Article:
London, UK (PRWEB UK) 20 September 2013
On the 15th of September, a lifelong asthma sufferer will climb Mount Snowdon to raise money for an international aid charity. Gary Evans (35) hopes to raise at least £500 for CARE International. Father-of-three Evans told the Spalding Guardian, “I was anxious about the climb because as an asthma sufferer, I find breathing difficult even at the best of times. But the doctors advised me that as long as I’m aware of my condition and have the right people there, I can do it at my own risk.” (http://www.spaldingtoday.co.uk/news/community/environment/asthma-patient-looks-ahead-to-snowdon-climb-1-5440964)
With an asthma sufferer about to embark on such a test of physical endurance, Yourwellness Magazine decided to explore whether or not exercise is safe for those who have asthma. Yourwellness Magazine commented on a review, “Physical training for asthma,” published May 16th 2012 in The Cochrane Library, which found that not only is it safe for asthma sufferers to exercise, but doing so could improve their well-being and actually reduce their risk of asthma symptoms or attacks. Review author Kristin V. Carson noted that while asthma sufferers fear exercise will bring on shortness of breath, wheezing or a full-blown asthma attack, these fears are based on a misreading of symptoms, or unfounded beliefs about exercise and asthma. (http://onlinelibrary.wiley.com/doi/10.1002/14651858.CD001116.pub3/full)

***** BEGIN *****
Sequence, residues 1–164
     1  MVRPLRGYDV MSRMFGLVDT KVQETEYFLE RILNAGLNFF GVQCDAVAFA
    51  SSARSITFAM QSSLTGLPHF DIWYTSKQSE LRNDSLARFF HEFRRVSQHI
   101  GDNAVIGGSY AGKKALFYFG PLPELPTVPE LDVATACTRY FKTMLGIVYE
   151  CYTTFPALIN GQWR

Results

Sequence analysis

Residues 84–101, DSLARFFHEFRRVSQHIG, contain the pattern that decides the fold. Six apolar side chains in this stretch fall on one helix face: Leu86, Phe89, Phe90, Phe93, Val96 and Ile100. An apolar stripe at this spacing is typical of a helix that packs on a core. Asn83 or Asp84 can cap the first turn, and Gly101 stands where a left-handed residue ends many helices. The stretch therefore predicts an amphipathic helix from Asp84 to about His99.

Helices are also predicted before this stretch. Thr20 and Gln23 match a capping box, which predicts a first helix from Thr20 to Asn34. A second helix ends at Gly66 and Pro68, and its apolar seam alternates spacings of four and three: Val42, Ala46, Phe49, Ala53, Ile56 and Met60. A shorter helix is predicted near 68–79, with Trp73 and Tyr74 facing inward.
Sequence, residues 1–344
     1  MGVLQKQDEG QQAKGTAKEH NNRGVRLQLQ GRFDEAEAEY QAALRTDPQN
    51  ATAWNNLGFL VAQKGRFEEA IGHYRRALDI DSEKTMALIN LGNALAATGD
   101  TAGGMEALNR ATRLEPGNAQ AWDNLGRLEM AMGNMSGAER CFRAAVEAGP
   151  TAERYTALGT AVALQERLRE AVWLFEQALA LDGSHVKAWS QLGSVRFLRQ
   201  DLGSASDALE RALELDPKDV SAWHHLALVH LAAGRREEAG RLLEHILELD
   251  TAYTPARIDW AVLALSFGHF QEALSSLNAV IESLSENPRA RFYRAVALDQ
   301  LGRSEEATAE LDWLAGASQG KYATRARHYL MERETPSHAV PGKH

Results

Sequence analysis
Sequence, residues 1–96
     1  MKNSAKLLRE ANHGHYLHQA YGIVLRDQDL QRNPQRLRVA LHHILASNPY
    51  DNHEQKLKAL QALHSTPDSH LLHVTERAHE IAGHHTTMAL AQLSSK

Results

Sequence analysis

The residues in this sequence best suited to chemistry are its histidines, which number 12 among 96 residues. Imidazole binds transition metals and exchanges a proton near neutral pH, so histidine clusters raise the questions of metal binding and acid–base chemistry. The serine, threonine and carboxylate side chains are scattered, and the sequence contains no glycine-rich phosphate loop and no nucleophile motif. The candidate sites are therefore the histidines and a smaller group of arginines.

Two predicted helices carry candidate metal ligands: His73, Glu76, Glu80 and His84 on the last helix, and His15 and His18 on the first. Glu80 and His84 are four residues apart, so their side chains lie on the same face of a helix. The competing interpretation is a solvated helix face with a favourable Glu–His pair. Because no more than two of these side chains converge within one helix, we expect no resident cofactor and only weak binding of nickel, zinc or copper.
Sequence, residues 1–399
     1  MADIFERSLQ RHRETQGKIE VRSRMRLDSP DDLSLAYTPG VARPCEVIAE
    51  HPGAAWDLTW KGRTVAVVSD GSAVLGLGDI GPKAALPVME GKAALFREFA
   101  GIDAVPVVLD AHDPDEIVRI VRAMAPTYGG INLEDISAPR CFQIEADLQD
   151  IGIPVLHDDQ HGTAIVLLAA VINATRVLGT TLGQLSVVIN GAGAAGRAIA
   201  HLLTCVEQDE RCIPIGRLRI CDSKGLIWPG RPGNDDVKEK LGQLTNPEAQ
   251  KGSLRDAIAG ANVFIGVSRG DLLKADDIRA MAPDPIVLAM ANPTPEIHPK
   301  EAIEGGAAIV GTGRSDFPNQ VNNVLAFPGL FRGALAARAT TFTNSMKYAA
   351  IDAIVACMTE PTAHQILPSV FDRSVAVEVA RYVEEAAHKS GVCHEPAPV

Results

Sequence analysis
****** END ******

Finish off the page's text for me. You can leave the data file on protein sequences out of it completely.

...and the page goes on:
Yourwellness Magazine detailed that, to come to their conclusion, the team of researchers examined previous studies that looked at the effects of physical training on people with asthma. Yourwellness Magazine commented that not exercising can be even more threatening to health than risking it with an asthma condition, as this can lead to weight gain and a higher risk of other health conditions. Yourwellness Magazine added that the study revealed limited evidence that indicated exercise improved asthmatics’ quality of life, including health benefits in other areas and an improved mental health status.